THE BIG BREAK
Kriegsmann’s first big break involved the Flying Wallendas, one of the great circus aerial acts. It happened while he was still working at Strand Studios.
When the circus came to town, the Wallendas showed up at Strand to have their pictures taken. Kriegsmann, though still an apprentice, won the assignment by default, because the aerialists spoke only German, and he was the only staff member who could communicate with them.
So began a lifelong friendship and the steady expansion of his clientele, as the Wallendas sent other circus performers to him. But the contact briefly dimmed his interest in photography. He became obsessed with their lives and ways and decided to join the circus himself. Carl Wallenda dissuaded him, saying, “You dammed fool! Don’t do it!”
Before long, Kriegsmann left Strand and opened his own place, which he called Studio One. By the time the Cotton Club made him its official photographer, he had honed his technique to a fine edge and had built a solid reputation. Photographing black faces was a new challenge. Kriegsmann still bridles at the memory of warnings that photographing blacks would irreparably damage his career. “I said, ‘Don’t tell me that! They’re human beings like you and me. Sure, their skin may be different. But the talent they have, most of the white people haven’t got. That’s the truth.”
Whether they were black or white, Kriegsmann found inspiration in the musicians he photographed. Around 1953, he began writing music. “I love music,” he says. “I studied the violin. I absorbed so much music in Vienna and from all the activity here in New York that I could sit down and write without any problem. Only music. Not lyrics.”
He took an office on the third floor of the Brill Building, sharing it with two songwriting partners. This became Studio Two. Studio One remained open for photo business while he and his two partners composed music. One of their songs, “Joey,” hit number eleven on the charts. “Almost the Top Ten,” says Kriegsmann. And Mantovani recorded their tango, “Desiree.” “It did very well in the South American countries, but those were the years here when they didn’t plan many instrumentals. Mostly vocals. Finally, we had a hit with ‘The Happy Organ,’ recorded by Dave “Baby” Cortez in 1959. At that time, the disc jockeys took graft. We picked three spots—Buffalo, Baltimore and Chicago. We paid them each $150. Now that’s illegal. Then it wasn’t. About a week later, we got calls from all three of them. ‘You’ve got a hit! A big hit!’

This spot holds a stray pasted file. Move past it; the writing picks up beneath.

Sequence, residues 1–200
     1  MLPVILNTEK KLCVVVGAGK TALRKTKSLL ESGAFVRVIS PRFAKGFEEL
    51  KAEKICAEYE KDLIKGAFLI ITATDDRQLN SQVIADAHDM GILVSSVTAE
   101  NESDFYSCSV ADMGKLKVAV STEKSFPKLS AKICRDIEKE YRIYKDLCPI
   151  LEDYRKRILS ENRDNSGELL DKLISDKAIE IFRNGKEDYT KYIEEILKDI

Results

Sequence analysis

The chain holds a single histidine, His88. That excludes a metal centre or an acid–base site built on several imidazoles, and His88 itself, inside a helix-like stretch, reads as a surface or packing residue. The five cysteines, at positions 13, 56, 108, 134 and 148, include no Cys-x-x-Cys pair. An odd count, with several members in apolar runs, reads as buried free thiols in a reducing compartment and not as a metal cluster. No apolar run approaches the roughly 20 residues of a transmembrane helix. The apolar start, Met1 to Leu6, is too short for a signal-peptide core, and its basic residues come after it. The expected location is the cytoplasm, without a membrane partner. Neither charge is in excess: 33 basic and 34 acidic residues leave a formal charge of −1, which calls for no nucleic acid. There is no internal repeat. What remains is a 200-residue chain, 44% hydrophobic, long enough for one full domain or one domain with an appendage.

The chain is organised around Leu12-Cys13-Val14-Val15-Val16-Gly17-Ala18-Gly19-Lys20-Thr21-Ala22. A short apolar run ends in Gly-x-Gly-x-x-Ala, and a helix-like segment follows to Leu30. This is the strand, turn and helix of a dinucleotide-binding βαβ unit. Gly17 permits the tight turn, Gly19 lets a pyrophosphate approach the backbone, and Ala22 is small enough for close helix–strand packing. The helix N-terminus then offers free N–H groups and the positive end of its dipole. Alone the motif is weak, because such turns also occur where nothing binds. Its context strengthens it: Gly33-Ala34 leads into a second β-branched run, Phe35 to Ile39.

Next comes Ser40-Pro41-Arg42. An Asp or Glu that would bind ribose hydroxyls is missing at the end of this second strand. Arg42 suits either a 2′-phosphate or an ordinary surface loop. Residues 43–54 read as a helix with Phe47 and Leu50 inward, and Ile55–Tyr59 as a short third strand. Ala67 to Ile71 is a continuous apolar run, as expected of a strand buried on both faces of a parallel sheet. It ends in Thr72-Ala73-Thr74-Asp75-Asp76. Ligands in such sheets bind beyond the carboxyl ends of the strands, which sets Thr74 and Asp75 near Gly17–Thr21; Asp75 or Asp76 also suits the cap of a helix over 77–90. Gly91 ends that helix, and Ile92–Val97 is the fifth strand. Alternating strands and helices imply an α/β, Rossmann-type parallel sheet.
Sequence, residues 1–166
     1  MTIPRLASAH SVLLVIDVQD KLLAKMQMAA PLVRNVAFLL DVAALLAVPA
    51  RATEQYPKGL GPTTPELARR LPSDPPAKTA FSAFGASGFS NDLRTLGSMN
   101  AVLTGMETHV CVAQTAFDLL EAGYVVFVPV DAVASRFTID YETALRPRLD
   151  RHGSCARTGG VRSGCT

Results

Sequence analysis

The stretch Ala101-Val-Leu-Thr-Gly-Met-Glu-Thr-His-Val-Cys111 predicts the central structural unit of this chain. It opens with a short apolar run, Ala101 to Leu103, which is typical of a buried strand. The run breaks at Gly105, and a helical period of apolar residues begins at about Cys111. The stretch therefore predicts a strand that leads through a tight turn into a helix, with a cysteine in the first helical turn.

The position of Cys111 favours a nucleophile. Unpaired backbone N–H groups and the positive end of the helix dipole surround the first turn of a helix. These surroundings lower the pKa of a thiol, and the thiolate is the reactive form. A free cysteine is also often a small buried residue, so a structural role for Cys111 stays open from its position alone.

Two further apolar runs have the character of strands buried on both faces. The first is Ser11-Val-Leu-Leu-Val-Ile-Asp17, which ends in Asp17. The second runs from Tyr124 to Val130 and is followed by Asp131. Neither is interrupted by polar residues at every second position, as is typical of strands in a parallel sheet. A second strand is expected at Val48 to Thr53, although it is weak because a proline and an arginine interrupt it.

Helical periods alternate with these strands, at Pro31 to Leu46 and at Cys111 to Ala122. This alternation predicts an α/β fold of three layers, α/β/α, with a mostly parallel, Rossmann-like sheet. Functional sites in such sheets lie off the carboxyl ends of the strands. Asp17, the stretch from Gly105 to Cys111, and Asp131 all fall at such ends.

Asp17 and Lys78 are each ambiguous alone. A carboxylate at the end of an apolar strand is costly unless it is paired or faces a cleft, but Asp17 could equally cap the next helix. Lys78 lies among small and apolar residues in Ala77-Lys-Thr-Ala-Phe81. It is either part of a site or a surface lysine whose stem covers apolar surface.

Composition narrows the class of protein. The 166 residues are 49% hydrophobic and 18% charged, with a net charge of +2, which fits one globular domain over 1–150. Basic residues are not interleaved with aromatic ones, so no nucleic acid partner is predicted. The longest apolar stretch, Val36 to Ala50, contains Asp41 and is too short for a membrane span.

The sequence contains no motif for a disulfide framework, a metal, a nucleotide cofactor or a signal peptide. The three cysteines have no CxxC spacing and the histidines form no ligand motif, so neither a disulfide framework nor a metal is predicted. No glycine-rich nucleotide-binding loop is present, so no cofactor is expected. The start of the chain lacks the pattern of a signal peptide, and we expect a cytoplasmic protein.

“We were number one for two solid weeks across the country. We made so much money, we went crazy! Even today I get royalties. Not much. I couldn’t live on it. But it’s enough to buy me pretzels every day.”
Kriegsmann also became a professional writer. For a time he wrote a column called “World in Focus,” purchasing space in the New York Herald Tribune to publish it. Big business and Walter Winchell, the famous columnist and radio newscaster (and a Kriegsmann photo subject) were the impetus. It served as a steam valve as well as a clever self-promotion.
He began writing it in the late Thirties, when the government froze prices. Like many small businessmen, Kriegsmann was caught off guard. But some large firms, he remembers, raised their prices just weeks before the freeze. “I was angry. I thought, ‘Why can’t I write my political views, like Walter Winchell does?’”
He did just that, starting with an editorial deploring government favoritism toward big business at the expense of the little guy. “I got so much mail you wouldn’t believe it!” After that, he published the column every Monday until the day before Eisenhower’s election to the presidency. He signed off with early congratulations to the candidate he had championed.
But songwriting and editorializing, for all their rewards, were never more than peripheral enterprises. Photography was central to Kriegsmann’s life. And the studio became a family business. “Did you see the beautiful redhead upstairs when you came in?” he asks. “That’s my wife.” Kriegsmann met her when she came in looking for a modeling job, at age 17. They’ve been married for 43 years.
Only one son has flown the Kriegsmann coop, a broker who lives in Seattle; the other two stayed with the business. Their growing interest in photography dovetailed neatly with his own retreat from the camera, coming along as the stagey, large-format portraits that were his specialty began losing favor to more candid small-format stills. The involvement of his sons, using a more up-to-date approach, allowed the studio to stay in business while many of Kriegsmann’s contemporaries faded from the scene.
In the end, there’s one last tale to tell before heading upstairs and out. “This famous comedian—what was his name?—brought me a grandfather clock. He left it here.” Kriegsmann points to the middle of the room. “It was ugly. When he went into makeup, I picked it up to move it out of sight. He came running out with this big grin on his face. He said, ‘Jimmy, you shouldn’t be carrying that thing around like that! It’s heavy. You should really get a wristwatch.’”
© 1987, 1988, 2015, 2018 Janis Bultman